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Publication numberUS4106991 A
Publication typeGrant
Application numberUS 05/810,884
Publication dateAug 15, 1978
Filing dateJun 28, 1977
Priority dateJul 7, 1976
Also published asCA1094000A1, DE2730481A1, DE2730481C2, DE2730481C3
Publication number05810884, 810884, US 4106991 A, US 4106991A, US-A-4106991, US4106991 A, US4106991A
InventorsErik Kjaer Markussen, Arne Wintherhalter Schmidt
Original AssigneeNovo Industri A/S
Export CitationBiBTeX, EndNote, RefMan
External Links: USPTO, USPTO Assignment, Espacenet
Enzyme granulate composition and process for forming enzyme granulates
US 4106991 A
Abstract
Improved formation of enzyme granulates through inclusion within the composition of finely divided cellulose fibres.
Optionally a waxy substance can be employed for the granulating agent, or to coat the granulate.
Images(1)
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Claims(11)
What is claimed:
1. In the process for drum granulating an enzyme composition including enzyme, inorganic salts, and a granulation binder, with a liquid phase granulating agent, the improvement which comprises incorporating into the composition undergoing granulation finely divided cellulose fibers in an amount of 2-40% w/w based upon the dry weight of the total composition.
2. The process of claim 1 wherein the cellulose has an average fiber length of 50-160 μ and an average fiber width of 20-30 μ.
3. The process of claim 1 wherein the fibrous cellulose is 5-30% w/w.
4. The process of claim 1 wherein the granulating agent is water.
5. The process of claim 1 wherein the granulating agent is a mixture of water and a waxy substance.
6. The process of claim 1 wherein granulation is performed at 50°-70° C.
7. The process of claim 1 wherein the enzyme is a proteolytic enzyme of microbial origin.
8. The process of claim 1 wherein the enzyme is an amylase of microbial origin.
9. The process of claim 1 wherein granulation is followed by coating the particles of the granulate with a melted waxy substance.
10. A granulate composition comprising enzyme, inorganic salts, a granulation binder, and finely divided cellulose fibers as 2-40% w/w of the granulate.
11. The granulate of claim 10 including therein a waxy substance in amounts up to 40% w/w of the granulate.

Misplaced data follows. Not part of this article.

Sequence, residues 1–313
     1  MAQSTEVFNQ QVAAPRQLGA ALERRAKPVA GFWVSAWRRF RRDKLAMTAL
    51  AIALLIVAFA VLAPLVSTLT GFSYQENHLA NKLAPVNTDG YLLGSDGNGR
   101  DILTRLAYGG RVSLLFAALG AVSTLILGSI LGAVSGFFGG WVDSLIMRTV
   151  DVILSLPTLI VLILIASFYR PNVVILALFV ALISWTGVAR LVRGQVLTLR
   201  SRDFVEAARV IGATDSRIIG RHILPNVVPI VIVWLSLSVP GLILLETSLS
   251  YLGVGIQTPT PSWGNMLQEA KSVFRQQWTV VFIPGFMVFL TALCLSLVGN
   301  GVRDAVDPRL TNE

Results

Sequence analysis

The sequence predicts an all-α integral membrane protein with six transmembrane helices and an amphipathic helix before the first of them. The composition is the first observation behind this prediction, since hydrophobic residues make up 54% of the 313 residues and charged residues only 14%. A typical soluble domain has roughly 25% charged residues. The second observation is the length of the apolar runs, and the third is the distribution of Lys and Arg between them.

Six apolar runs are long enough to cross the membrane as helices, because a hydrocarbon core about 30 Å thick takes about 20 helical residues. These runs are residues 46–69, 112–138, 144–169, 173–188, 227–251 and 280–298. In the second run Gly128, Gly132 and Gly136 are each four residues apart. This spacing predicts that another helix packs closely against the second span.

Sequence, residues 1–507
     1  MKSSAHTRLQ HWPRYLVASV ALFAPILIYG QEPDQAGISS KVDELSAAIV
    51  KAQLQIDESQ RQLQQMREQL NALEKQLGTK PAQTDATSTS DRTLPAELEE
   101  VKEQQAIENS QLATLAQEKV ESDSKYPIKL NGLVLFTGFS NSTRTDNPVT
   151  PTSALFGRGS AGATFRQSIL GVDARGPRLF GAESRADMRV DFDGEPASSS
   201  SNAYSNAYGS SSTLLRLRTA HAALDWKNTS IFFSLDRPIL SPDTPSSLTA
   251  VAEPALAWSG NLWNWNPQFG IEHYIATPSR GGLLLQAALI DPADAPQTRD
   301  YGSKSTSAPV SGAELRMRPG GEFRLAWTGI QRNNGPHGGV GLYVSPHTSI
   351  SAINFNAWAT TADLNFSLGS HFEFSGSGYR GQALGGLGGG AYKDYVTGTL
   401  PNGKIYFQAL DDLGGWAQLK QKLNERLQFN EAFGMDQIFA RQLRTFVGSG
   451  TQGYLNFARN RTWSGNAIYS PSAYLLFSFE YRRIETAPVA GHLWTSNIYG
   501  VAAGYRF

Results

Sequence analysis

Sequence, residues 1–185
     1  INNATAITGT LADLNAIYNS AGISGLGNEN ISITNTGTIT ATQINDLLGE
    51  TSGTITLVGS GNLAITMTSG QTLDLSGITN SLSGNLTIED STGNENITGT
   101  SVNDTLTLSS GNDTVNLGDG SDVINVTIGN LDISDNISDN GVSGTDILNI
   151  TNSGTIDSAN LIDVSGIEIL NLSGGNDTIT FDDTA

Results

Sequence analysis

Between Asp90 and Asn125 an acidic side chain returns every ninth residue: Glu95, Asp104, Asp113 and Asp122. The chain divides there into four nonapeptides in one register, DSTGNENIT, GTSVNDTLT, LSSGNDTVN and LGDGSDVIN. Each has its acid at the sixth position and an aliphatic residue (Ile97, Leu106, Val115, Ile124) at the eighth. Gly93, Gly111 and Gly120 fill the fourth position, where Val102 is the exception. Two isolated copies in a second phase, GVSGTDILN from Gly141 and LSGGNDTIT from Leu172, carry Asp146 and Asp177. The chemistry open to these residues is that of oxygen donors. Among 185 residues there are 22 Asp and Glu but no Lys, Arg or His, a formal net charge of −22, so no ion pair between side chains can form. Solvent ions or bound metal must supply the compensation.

Description

This invention relates to improvement in or relating to a process for the production of an enzyme granulate and the enzyme granulate thus produced.

During the last decade the use of enzymes, especially of microbial origin, has been more and more common. Enzymes are used in for example the starch industry to produce glucose and fructose by means of amylases, amyloglucosidases and glucose isomerases. In the diary industry a vast tonnage of rennets is used and in the detergent industry proteases are normally used as additives in the washing powders to impart a better action on proteinaceous stains on the laundry.

In particular the use of proteolytic enzymes in the detergent industry created a lot of problems in the late sixties in the detergent factories where the workers were exposed to the proteolytic enzymes which at that time normally were available as a fine dusty powder. Workers suffered from attacks from the proteolytic enzymes, especially at the skin around the eyes and in the nose, and some supersensitivity and allergic reactions among the workers were found. These problems increased to the extent that addition of enzymes to detergents was abandoned in many factories early in the seventies.

After the development of the granulated and coated enzymes presently offered to the detergent industry this specific dust problem seems to have disappeared, and use of the enzymes in detergents is again growing steadily.

However, granulation of enzymes is a difficult task. In spite of the fact that patent applications on different methods for the production of granulated and dust-free enzymes have been numerous, hardly more than two or three different granulation methods are in use today on an industrial scale. The most common among those methods are: Embedding of the enzymes into spheres of a waxy material by means of the so-called prilling process, vide German DOS No. 2,060,095, and the process described in British Patent Specification No. 1,362,365, where the enzyme is mixed with a filler, a binder and water, whereafter it is extruded and spheronized in a so-called "Marumerizer" (Trade Mark). By these two methods enzyme granules with very low dust level can be produced.